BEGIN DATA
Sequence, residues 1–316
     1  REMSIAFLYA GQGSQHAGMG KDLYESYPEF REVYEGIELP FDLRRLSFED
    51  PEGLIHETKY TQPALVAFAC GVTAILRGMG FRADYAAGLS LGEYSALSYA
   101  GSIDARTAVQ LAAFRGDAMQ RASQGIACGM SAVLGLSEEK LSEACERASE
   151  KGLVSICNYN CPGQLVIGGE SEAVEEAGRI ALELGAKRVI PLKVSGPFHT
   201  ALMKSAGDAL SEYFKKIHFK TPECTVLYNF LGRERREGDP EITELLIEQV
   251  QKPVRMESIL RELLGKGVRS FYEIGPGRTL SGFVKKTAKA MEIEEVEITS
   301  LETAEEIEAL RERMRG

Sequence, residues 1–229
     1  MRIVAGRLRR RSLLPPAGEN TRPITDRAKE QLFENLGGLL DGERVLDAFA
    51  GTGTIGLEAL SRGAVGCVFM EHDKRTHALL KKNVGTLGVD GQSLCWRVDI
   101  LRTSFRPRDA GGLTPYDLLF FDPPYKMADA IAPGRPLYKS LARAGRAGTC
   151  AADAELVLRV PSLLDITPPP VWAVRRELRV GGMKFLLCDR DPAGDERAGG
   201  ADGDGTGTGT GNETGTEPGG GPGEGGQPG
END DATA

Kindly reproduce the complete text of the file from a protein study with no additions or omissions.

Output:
Sequence, residues 1–316
     1  REMSIAFLYA GQGSQHAGMG KDLYESYPEF REVYEGIELP FDLRRLSFED
    51  PEGLIHETKY TQPALVAFAC GVTAILRGMG FRADYAAGLS LGEYSALSYA
   101  GSIDARTAVQ LAAFRGDAMQ RASQGIACGM SAVLGLSEEK LSEACERASE
   151  KGLVSICNYN CPGQLVIGGE SEAVEEAGRI ALELGAKRVI PLKVSGPFHT
   201  ALMKSAGDAL SEYFKKIHFK TPECTVLYNF LGRERREGDP EITELLIEQV
   251  QKPVRMESIL RELLGKGVRS FYEIGPGRTL SGFVKKTAKA MEIEEVEITS
   301  LETAEEIEAL RERMRG

Sequence, residues 1–229
     1  MRIVAGRLRR RSLLPPAGEN TRPITDRAKE QLFENLGGLL DGERVLDAFA
    51  GTGTIGLEAL SRGAVGCVFM EHDKRTHALL KKNVGTLGVD GQSLCWRVDI
   101  LRTSFRPRDA GGLTPYDLLF FDPPYKMADA IAPGRPLYKS LARAGRAGTC
   151  AADAELVLRV PSLLDITPPP VWAVRRELRV GGMKFLLCDR DPAGDERAGG
   201  ADGDGTGTGT GNETGTEPGG GPGEGGQPG